The site experiments with the concepts of adapted imaginations to the limits of present day networks, especially on the Internet and to the present state of hardware and software of home computers. However, taking into consideration that the work is alive and is under ongoing development and is also evolving with the media where it manifests itself, it will be easy to understand it in its present state and see its potential in the near future. As a matter of comfort, the site is fictitious. It is through fiction that I can realize the task of scrutinizing reality with greater levity. In a world where the mind is still confined, controlled and many times untouchable, fiction frees us from the dilemmas of truth and lies and projects us into other spheres of wider, more fluid understanding.
The site is of an indefinite duration and is updated monthly to facilitate the visiting routine of the communities it is forming. Its functioning is intuitive and its interface contemplates several new tools to deal with the imagination in digital media, taking into consideration prevailing restrictions. The objects on the screen are draggable and drag themselves, are amplifiable, rotate, become transparent, duplicate themselves, disappear, can be manipulated and edited. These objects are called images and form amalgams of audiovisual, textual and graphic elements indistinguishably among themselves, as I discussed in this essay.
Video and audio illustrations, multi-linear sequencing, multi-flows, language fusion, mental states, focus, consciousness and unconsciousness, worlds in movement – there, these concepts that we have gotten to know are articulated in a series of experiments of interactivity and graphic organization in constant evolution.
1 To finalize this essay I had critical input and suggestions from Maria Aparecida Moura, Matheus Braga and Luciana Tonelli.
2 The texts that point to the trajectory of the ideas exposed here can be found in www.ciclope.art.br/memoria/textos (portuguese).
3 Multimedia: although the term is also used to describe works of art and shows where two or more languages and expressive forms co-exist, here I use the word to denominate a new form of multi-sensorial and interactive communication in which known media are integrated and managed by the computer that is transformed into a communication vehicle.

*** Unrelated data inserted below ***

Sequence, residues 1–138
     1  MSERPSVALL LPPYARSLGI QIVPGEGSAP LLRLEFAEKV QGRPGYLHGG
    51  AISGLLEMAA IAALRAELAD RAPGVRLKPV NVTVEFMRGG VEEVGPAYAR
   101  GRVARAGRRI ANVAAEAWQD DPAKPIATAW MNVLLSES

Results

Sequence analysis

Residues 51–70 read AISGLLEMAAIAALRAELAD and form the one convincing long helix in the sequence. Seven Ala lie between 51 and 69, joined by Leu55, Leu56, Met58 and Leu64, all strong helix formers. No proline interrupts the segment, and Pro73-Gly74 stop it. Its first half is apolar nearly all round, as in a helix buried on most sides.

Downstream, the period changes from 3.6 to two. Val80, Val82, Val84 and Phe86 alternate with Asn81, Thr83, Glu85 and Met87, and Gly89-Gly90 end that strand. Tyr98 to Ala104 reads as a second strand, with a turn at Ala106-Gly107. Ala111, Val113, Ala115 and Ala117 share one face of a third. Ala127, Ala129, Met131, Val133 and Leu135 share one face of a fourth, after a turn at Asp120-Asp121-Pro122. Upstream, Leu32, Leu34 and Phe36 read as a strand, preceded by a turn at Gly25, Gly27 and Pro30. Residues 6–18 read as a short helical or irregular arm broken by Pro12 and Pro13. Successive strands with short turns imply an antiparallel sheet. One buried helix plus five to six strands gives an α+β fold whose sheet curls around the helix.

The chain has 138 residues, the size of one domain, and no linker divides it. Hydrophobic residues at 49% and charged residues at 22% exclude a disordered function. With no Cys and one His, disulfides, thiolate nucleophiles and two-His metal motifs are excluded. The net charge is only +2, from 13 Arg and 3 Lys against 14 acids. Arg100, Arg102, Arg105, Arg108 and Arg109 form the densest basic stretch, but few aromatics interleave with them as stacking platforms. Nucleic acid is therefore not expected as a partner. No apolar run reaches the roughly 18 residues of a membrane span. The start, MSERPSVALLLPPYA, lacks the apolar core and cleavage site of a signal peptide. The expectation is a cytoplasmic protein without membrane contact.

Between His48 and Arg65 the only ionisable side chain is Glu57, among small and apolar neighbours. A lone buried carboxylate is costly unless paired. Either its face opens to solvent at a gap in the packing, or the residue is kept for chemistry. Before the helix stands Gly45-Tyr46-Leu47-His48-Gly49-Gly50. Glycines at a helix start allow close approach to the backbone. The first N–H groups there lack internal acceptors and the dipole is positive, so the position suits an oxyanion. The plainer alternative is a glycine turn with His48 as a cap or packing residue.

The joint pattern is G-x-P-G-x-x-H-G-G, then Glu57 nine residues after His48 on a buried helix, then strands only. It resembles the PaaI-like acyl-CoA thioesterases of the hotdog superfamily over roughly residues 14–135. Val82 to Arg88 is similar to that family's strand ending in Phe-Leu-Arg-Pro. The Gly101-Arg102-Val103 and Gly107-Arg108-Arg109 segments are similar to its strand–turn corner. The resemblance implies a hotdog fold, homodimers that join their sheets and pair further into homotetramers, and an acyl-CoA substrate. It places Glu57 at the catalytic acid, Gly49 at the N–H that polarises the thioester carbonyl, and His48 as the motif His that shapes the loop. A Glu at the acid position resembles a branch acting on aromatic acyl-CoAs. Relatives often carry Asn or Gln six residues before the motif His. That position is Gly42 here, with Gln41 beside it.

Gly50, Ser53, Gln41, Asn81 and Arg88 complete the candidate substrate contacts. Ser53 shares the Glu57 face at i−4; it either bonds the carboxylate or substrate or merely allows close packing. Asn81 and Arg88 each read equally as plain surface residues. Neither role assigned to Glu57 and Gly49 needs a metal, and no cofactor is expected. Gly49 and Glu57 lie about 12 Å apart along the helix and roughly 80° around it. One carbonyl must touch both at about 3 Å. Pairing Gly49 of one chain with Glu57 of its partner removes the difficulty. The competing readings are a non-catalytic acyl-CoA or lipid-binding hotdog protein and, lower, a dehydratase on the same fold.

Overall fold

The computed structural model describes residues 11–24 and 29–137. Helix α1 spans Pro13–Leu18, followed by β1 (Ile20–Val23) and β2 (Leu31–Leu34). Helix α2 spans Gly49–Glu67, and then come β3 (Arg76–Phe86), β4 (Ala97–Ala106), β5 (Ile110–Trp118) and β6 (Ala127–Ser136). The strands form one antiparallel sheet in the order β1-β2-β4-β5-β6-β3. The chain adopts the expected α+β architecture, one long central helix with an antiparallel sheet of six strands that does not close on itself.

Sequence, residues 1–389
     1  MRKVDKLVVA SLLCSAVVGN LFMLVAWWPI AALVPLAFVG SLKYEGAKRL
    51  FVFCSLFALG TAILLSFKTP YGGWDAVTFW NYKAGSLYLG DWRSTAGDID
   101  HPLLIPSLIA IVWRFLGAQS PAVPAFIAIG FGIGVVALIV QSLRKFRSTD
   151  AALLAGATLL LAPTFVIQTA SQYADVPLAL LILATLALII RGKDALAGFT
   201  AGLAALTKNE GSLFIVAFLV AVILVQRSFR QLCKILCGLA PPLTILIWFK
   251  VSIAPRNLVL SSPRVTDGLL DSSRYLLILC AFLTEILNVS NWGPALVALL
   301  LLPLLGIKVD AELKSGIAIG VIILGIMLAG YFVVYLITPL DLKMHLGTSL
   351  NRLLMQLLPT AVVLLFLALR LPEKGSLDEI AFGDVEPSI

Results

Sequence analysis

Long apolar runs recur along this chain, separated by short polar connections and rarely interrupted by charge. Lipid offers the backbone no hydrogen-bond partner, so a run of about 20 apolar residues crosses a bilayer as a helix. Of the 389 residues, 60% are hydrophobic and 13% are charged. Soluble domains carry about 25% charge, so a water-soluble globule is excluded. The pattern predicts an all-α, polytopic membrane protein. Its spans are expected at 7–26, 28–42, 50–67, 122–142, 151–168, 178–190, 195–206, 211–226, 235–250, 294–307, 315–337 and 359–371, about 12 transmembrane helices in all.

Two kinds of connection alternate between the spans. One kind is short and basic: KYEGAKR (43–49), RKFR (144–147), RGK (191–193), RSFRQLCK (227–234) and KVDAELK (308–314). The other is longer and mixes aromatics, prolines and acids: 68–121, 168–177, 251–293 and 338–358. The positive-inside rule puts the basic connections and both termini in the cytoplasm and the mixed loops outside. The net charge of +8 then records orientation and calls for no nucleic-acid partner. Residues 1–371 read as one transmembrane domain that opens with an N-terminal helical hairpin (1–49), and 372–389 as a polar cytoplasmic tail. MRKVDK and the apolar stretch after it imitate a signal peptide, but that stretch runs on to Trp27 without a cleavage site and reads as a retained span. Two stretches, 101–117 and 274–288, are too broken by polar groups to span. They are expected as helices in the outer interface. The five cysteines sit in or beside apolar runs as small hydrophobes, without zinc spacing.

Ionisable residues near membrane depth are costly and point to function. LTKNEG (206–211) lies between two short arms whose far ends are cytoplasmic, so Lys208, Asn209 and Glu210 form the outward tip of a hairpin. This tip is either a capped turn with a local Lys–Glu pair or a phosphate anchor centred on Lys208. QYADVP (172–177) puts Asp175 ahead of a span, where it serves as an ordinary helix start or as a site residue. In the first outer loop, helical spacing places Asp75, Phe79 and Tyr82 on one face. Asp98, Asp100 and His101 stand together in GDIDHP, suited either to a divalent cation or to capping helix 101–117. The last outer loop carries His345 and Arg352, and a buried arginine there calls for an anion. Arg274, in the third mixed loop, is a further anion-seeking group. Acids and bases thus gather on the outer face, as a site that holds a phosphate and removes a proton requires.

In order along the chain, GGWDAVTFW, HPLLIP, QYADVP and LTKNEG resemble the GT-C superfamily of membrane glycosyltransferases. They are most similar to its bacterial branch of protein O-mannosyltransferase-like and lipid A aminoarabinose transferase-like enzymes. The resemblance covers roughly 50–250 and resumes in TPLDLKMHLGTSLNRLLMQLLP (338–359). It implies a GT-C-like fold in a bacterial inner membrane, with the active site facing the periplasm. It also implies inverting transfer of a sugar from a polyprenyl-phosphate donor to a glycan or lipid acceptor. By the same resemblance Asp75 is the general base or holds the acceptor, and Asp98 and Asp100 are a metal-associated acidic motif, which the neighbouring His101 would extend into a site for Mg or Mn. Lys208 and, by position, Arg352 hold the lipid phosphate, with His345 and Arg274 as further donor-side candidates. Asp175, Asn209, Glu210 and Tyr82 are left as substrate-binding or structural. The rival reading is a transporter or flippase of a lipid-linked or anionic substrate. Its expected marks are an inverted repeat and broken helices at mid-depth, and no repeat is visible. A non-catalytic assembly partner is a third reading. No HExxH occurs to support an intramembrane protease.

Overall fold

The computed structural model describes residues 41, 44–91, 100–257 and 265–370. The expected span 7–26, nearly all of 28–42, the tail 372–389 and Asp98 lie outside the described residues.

4 The interface realized translation operations, establishing contacts among heterogeneous media and works as a ticket operator. A human-machine interface is a set of programs and apparatus that allow for communication between an IT system and its human users through entry-exits means.
5 The metaphor Desktop was developed by Xerox and later on gave origin to the Macintosh and Windows operating systems.
6 Virtual Reality refers to technologies or ambientations that provide realistic leads to some or all senses, sufficiently enough so that the participant suspends his disbelief.
7 Vannevar Bush – As We May Think, Atlantic Monthly, 176. v.1p.101-108, July 1945.
8 António R. Damásio – O Sentimento de Si – Publicações Europa América ltda – Portugal – 2000.
9 Walter Benjamim – Magia e Técnica, Arte e Política – Editora Brasiliense – São Paulo, 1994. Origem do Drama Barroco Alemão – Editora Brasiliense, São Paulo, 1984. Para Ler Benjamim, Flávio R. Kothe, Francisco Alvim Editora, 1976. Benjamin presents the concept of Constellation, in opposition to the concept of System. Constellation indicates a relationship with dialectic characteristics where the parts acquire a more complete sense in the whole they are constituted in without subordination. His considerations about the role of the narrator were useful in the construction of digital works narratives, serving as counterpoint to the pure and simple rupture of linearity/temporality and the trend for the creation of mosaics with unarticulated elements, seen in much present-day software.
10 António R. Damásio – O Erro de Decartes – Companhia das Letras, 1994.
11 Murray Schaffer O Ouvido Pensante – Editora Universidade Estadual Paulista, 1991.
12 To read more about Hypersurfaces, I recommend reading of HyperSurface Architecture (Vol 68, 5-6/99, profile 133) and HyperSurface Architecture II (Vol 69, 9-10/99, profile 141), published as part of the series Architectural Design (AD) by Academy Editions, John Wiley & Sons., London. In them theses by Stephen Perrella are exposed, one of the main researchers in the área. The two title of the magazines are available through www.amazon.com. The text Cyberarchitecture: virtual architecture beyond real space metaphor, by Ana Paula Baltazar dos Santos, The Bartlett, University College London, UK is another good research source.
13 Pierre Lévi – A Ideografia Dinâmica – rumo a uma imaginação artificial? – Edições Loyola, São Paulo, 1998.
14 Descovering Brazil – an interactive video interface – presentation text of the CD ROM Descobrindo o Brasil 2000, at Prix Moebius -International Multimedia Festival, at George Pompidou Center, Paris, 2000.